The emulators still have some differences with the way the hardware behaves. And many emulators are programmed just to make the most games run.

Re:Emulation (1)

Megane (129182) | more than 7 years ago | (#15233168)

Most systems don't need cycle-accurate emulation. The Atari 2600 is a notable exception, because the games depended upon the timing between the CPU and video (three pixels per clock cycle).

Console games generally do fine with emulation that is more permissive than the real hardware, but this can be a problem for people writing homebrew games because the emulator will let them do things that the real hardware is not capable of. And some emulators are more permissive than the real hardware in other ways, such as allowing more sprites or video data per line than the real hardware can display on one scan line.

Really, the only reason to overclock a CPU on console hardware (on which the games are almost always kept from running too fast by waiting for vertical sync) is to reduce lag when game screens are full of sprites and stuff.

Whaddaya mean "what purpose"? (5, Insightful)

user24 (854467) | more than 7 years ago | (#15232266)

I'm sickened by the amount of people on here saying "... but why?".

Why?? WHY?? Because he's a GEEK, Dammit! Just because it doesn't have a buzzword associated with it, or because it's not to do with google, or didn't come out in the last 15 minutes, doesn't mean it's not cool.

*wanders off mumbling about these younguns..*

Re:Whaddaya mean "what purpose"? (-1, Troll)

BLAG-blast (302533) | more than 7 years ago | (#15232319)

But why are reading this crap, it's not even working properly. If this was a "because he's a geek" thing, it wouldn't be such a half assed attempt.

Re:Whaddaya mean "what purpose"? (1)

Durrok (912509) | more than 7 years ago | (#15232337)

The real question we all want an answer to is: Is it mana or monna?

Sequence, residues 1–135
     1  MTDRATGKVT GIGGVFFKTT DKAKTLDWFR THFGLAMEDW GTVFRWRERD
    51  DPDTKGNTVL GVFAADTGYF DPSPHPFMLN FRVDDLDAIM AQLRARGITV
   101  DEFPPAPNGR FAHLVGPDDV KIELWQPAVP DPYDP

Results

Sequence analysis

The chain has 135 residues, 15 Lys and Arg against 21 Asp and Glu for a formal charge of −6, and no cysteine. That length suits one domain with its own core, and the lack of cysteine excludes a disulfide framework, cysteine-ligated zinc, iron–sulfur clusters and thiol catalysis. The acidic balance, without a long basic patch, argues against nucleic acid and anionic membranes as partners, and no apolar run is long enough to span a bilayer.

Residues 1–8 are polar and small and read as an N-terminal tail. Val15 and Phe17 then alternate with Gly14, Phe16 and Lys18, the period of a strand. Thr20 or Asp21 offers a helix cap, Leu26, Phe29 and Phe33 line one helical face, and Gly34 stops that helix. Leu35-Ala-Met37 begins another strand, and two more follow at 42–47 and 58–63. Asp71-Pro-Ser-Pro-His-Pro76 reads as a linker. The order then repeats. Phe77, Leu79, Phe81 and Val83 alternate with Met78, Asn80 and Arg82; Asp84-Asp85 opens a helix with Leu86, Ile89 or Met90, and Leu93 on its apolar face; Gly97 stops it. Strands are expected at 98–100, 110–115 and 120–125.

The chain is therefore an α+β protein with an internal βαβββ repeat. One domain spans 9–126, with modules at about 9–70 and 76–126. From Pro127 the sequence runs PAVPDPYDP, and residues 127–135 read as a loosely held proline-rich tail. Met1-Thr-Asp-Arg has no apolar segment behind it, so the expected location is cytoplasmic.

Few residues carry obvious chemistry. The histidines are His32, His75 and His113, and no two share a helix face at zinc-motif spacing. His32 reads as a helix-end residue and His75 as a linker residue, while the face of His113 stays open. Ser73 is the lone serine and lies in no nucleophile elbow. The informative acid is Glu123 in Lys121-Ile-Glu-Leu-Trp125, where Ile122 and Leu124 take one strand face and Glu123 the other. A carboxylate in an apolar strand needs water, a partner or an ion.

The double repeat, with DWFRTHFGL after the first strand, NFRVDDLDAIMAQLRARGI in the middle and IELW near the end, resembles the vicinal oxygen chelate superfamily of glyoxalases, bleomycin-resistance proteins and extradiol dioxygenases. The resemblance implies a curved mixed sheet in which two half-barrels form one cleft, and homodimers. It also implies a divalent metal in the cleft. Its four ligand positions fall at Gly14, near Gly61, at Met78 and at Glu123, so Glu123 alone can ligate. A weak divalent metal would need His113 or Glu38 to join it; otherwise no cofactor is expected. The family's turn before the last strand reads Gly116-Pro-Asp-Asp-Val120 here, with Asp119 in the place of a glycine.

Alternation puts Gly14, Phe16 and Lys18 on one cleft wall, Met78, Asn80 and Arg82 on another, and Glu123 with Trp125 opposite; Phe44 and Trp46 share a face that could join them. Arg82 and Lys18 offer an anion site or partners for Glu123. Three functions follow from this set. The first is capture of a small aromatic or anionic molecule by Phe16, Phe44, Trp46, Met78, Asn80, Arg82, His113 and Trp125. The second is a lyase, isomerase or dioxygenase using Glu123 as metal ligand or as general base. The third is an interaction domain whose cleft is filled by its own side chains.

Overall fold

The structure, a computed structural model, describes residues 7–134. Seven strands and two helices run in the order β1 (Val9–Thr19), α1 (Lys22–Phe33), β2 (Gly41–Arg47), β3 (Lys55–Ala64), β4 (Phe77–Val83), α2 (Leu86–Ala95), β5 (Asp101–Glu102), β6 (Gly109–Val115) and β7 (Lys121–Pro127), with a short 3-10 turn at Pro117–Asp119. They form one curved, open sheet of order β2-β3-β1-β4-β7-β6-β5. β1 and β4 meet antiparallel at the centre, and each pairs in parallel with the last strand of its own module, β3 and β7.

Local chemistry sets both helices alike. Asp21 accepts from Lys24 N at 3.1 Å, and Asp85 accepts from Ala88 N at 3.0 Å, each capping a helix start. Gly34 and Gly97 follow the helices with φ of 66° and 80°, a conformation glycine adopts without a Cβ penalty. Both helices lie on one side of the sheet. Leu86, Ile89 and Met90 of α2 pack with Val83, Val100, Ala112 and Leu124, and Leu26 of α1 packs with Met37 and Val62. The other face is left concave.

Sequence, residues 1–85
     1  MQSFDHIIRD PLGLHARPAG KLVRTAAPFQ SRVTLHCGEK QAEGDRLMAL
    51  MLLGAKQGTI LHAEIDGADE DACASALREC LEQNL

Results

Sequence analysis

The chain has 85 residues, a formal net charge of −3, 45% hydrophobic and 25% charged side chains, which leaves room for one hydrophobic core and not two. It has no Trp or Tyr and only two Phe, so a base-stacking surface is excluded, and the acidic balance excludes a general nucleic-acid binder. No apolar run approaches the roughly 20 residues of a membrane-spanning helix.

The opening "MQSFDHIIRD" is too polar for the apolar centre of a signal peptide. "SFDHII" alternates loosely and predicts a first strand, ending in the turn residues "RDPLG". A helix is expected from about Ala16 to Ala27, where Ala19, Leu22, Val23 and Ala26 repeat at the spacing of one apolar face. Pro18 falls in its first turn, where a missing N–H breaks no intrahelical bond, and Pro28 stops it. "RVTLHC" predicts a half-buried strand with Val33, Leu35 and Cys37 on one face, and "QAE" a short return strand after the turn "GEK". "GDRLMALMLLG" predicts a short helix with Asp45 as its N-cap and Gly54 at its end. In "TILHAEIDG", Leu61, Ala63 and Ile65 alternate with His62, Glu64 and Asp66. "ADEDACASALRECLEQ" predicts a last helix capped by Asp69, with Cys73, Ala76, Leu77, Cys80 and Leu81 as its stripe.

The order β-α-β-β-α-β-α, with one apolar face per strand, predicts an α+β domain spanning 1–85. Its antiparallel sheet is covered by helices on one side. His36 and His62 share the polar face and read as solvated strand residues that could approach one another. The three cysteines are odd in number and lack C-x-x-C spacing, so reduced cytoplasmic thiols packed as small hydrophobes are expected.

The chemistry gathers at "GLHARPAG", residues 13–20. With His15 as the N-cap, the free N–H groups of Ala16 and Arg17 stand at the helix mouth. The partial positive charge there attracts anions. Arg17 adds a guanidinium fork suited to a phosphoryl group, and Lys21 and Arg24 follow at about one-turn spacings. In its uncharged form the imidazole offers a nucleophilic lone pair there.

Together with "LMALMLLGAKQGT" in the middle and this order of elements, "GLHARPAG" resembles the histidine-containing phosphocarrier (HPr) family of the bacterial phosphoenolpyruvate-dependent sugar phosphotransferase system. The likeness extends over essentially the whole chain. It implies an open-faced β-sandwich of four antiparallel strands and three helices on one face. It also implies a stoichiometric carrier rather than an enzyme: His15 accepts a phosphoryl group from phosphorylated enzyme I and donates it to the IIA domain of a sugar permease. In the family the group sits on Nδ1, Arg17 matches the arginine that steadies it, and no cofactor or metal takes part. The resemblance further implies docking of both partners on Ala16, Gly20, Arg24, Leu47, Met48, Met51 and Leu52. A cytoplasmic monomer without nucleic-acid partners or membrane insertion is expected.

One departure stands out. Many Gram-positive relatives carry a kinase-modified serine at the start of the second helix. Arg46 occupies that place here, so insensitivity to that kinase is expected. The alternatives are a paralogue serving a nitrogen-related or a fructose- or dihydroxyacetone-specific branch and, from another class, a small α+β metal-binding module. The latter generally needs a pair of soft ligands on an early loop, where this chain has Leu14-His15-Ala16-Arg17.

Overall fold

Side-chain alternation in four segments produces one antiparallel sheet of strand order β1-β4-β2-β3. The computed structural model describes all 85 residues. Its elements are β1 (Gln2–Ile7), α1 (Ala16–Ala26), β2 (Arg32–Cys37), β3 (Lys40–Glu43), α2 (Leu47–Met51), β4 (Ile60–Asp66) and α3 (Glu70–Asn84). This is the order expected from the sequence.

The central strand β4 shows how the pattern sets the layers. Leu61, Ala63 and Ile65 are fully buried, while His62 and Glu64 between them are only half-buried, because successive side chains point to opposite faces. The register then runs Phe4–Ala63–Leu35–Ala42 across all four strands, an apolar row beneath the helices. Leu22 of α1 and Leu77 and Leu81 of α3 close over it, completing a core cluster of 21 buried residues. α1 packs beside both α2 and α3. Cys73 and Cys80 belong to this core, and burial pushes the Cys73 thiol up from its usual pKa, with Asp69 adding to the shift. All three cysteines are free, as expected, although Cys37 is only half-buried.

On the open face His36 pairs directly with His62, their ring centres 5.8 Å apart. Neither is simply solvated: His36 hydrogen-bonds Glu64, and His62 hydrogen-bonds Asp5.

Re:Whaddaya mean "what purpose"? (2, Insightful)

masklinn (823351) | more than 7 years ago | (#15232340)

A True Geek would've waited till he had a fully functional overclocked SNES.

And would've benched his improved SNES against a regular one, too.

Not "What Purpose" ... "Wrong Purpose" (2, Insightful)

bmac83 (869058) | more than 7 years ago | (#15232380)

Your point is understandable, but I think you are missing a key idea: I don't think nerds really appreciate something technologically if it involves destroying a perfectly good piece of equipment. If I wrote up an article about modding an Xbox 360 into a totally awesome endtable that fell over every time I put a can of coke on the edge of it, that would probably piss most nerds off.

Nerds see the potential in things. An ordinary person looks at a 400MHz computer with a faulty power supply and sees something heading to the junkyard. I might see it as a mailserver, after I put some work into it. If you take a good piece of hardware and mess it up to the point that it won't even hold a stable image from a game, you just destroyed a lot of potential.

Re:Not "What Purpose" ... "Wrong Purpose" (2, Insightful)

lotrtrotk (853897) | more than 7 years ago | (#15232506)

An ordinary person looks at a 400MHz computer with a faulty power supply and sees something heading to the junkyard. I might see it as a mailserver, after I put some work into it.

If he'd modded his snes into a mailserver, we might have something really cool to talk about!!

Re:Whaddaya mean "what purpose"? (1, Insightful)

Guppy06 (410832) | more than 7 years ago | (#15232419)

"Dammit! Just because it doesn't have a buzzword associated with it"